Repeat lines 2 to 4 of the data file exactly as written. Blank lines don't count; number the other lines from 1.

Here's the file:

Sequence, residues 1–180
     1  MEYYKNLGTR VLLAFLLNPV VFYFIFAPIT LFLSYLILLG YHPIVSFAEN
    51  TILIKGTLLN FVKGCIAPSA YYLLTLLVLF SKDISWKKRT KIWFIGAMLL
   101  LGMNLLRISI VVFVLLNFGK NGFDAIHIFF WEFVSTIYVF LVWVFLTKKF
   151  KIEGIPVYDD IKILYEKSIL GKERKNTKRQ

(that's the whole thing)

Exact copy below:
     1  MEYYKNLGTR VLLAFLLNPV VFYFIFAPIT LFLSYLILLG YHPIVSFAEN
    51  TILIKGTLLN FVKGCIAPSA YYLLTLLVLF SKDISWKKRT KIWFIGAMLL
   101  LGMNLLRISI VVFVLLNFGK NGFDAIHIFF WEFVSTIYVF LVWVFLTKKF